More teens are regularly using marijuana by vaping rather than smoking, even as mysterious lung illness claims young lives across the United States, according to a study released Wednesday.
Fourteen percent of high school seniors said they vaped marijuana in the previous month, according to the National Institutes of Health's annual Monitoring the Future survey. That's nearly double the rate from 2018, the second-largest annual increase recorded in the survey's 45-year history. It's also up dramatically from 4.9% in 2017.
The survey, conducted earlier this year, also found that 22% of high school seniors — about the same percentage as in 2018 — say they use marijuana, which can be smoked, vaped or eaten through an edible.
"It appears that kids are switching how they are using marijuana, not how much they are using marijuana," said Ken Warner, an emeritus professor of health policy at the University of Michigan, who was not affiliated with the study.
About 26% of high school seniors said they vaped nicotine within the previous month, mirroring results from a separate survey published by the Centers for Disease Control and Prevention earlier this year. Meantime, less than 6% of 12th graders said they smoked conventional cigarettes, according to the new survey, which was funded by the NIH's National Institute on Drug Abuse.
The survey of more than 42,000 students in grades 8, 10 and 12 was conducted by Richard Miech and colleagues at the University of Michigan.
"We've seen [increases] in the past among the three grades, never at this size that we're observing with vaping," said Dr. Nora Volkow, director of the National Institute on Drug Abuse. "Never."
The study shows how popular vaping is becoming, especially among young people. Newer products have transformed centuries-old methods of consuming nicotine and THC, the compound that products a high in marijuana. They can be used discreetly and are often available in sweet flavors that make vaping more palatable and critics say helps attract teens.
A surge in teen vaping during the past few years has sent lawmakers and regulators scrambling. President Donald Trump and top U.S. health officials have been weighing for months whether to ban flavored e-cigarettes in a bid to make the products less appealing to kids.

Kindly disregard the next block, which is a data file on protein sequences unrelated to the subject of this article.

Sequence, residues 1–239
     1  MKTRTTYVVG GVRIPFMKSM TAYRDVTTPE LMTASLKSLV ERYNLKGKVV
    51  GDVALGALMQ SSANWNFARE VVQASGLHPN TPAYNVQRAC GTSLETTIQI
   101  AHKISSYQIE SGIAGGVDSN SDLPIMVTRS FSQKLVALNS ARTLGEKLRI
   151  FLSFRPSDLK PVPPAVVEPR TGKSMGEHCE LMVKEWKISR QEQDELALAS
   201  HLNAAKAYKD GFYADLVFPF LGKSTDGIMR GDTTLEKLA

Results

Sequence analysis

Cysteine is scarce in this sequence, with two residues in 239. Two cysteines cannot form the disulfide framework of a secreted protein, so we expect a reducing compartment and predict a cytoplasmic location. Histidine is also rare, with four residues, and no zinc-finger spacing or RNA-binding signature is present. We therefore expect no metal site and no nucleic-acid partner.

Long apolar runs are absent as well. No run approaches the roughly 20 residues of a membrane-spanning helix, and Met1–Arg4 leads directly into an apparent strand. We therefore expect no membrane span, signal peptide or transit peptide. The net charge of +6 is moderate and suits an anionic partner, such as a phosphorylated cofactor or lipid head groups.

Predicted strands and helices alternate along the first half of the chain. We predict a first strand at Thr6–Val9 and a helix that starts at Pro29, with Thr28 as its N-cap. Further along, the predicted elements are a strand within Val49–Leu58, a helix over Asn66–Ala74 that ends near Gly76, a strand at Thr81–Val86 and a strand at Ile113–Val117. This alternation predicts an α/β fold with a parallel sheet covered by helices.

An outbreak of a deadly lung disease among people who vape revealed another critical health risk: People are vaping unregulated and sometimes deadly THC oils. The illness has hospitalized 2,409 people across the country and killed 52, the CDC said last week. Health officials have tallied 152 different THC products that patients reported using. A majority of the patients are young men.
"Teenagers are believing less and less there's any harm in marijuana, and then on top of that you have sleek, cool devices that actually have become very, very popular among teenagers," Volkow said. She also noted that vaping allows people to consume potent doses of THC without the pungent smell that smoking marijuana produces.
Volkow anticipates the lung illness outbreak may deter some teens from vaping THC. She thinks stories of otherwise healthy teenagers ending up in intensive care may cause teens to "think twice."
While the study shows increases in vaping, it also identifies a significant decrease in teen cigarette smoking. In 2019, less than 6% of high school students reported smoking in the past month, down from 20% in 2009, according to the survey.
"The data are just tremendously encouraging on cigarettes," Warner said. "That's the most deadly use we're talking about."